Background: The electronic health record (EHR) provides opportunity to improve health and enhance appropriate test utilization through decision support. Electronic alerts in the order entry system can guide test use. Few published reports have assessed the impact of automated alerts on compliance of Pap ordering with published screening guidelines. Methods: Programming rules for Pap test ordering were developed within the EHR (Epic, Madison, WI) of the University of California, Davis Health System using American College of Obstetrics and Gynecology's 2009 guidelines and implemented in primary care clinics in 2010. Alerts discouraged Pap orders in women <21 and >71 years and displayed when an order was initiated. Providers were not prevented from placing an order. Results were measured during four calendar periods: (1) pre-alert (baseline) (July 2010 to June 2011), (2) post alert (alerts on) (July 2011 to December 2011), (3) inadvertent alert turn-off ("glitch") (January 2012 to December 2012), (5) post-glitch (alerts re-instated) (1/2013-7/2013). Metrics used to measure alert impact were between time and period seasonally adjusted relative frequency ratios. Results: Alerts were most effective in the <21 year old age group. During the baseline period 2.7 Pap tests were order in patients less than age 21 for every 100 Paps in those 21-71 years of age. This relative frequency decreased to 1.7 in the post-alert period and 1.4 during the glitch, with an even greater decline to 0.8 post-glitch when alerts were reinstated. Less impact was observed in the >70 year old group where the baseline relative frequency was 2.4 and declined to 2.1 post-alert, remained stable at 2.0 during the glitch period, and declined again to 1.7 post-glitch when alerts were reinstated. This likely reflects inclusion of women with a history of abnormal Pap tests for whom continued Pap testing is indicated, as well as reluctance by providers and patients to accept discontinuation of Pap testing for women with a history of normal Pap results. In both age groups, decreases in ordering were greatest when the alerts were functioning, indicating that the alerts had an effect beyond the influences of the environment. Conclusions: Discouraging alerts can impact ordering of Pap tests and improve compliance with established guidelines, thus avoiding unnecessary follow-up tests that can create potential patient harm and unnecessary expense. Alerts represent a potential model to address utilization of other lab tests. Longer study intervals are necessary to determine if provider compliance is maintained.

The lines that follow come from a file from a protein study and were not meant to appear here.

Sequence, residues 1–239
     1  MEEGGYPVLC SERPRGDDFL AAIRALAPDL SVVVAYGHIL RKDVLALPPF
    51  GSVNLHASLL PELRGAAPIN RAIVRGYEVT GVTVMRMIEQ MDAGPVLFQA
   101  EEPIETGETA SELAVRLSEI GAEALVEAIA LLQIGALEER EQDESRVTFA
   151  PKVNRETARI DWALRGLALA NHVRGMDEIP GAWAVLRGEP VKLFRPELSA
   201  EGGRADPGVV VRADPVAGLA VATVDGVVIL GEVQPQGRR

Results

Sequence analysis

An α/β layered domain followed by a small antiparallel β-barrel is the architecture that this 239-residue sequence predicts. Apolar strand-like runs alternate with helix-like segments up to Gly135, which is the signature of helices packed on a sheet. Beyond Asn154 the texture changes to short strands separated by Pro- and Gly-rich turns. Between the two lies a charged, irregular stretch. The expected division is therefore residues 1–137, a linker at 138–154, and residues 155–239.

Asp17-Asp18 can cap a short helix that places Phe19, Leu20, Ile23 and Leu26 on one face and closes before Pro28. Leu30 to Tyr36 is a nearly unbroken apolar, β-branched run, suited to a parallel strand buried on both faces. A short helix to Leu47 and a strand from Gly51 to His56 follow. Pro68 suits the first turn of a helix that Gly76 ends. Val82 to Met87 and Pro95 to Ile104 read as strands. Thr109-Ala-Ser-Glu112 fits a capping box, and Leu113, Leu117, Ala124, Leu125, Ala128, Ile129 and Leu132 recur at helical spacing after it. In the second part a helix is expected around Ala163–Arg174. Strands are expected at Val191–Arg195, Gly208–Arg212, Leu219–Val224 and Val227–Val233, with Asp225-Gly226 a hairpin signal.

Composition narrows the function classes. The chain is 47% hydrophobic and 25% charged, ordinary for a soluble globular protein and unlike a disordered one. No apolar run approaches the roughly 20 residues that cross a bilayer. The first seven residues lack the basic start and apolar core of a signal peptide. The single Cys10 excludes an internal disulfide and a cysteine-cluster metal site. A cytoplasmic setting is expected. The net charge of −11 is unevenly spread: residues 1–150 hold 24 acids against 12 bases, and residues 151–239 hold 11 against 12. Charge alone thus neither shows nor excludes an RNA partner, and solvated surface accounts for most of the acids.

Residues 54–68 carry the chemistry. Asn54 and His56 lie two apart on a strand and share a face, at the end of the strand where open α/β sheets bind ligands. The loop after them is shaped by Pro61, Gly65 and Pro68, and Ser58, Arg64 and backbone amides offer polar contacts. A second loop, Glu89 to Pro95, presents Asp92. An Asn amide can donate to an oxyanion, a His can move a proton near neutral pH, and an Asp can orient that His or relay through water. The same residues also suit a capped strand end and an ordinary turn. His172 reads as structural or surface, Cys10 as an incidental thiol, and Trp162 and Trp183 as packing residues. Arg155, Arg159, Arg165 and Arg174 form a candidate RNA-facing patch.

Keywords: Computerized order entry, decision-support, lab test utilization, Pap testing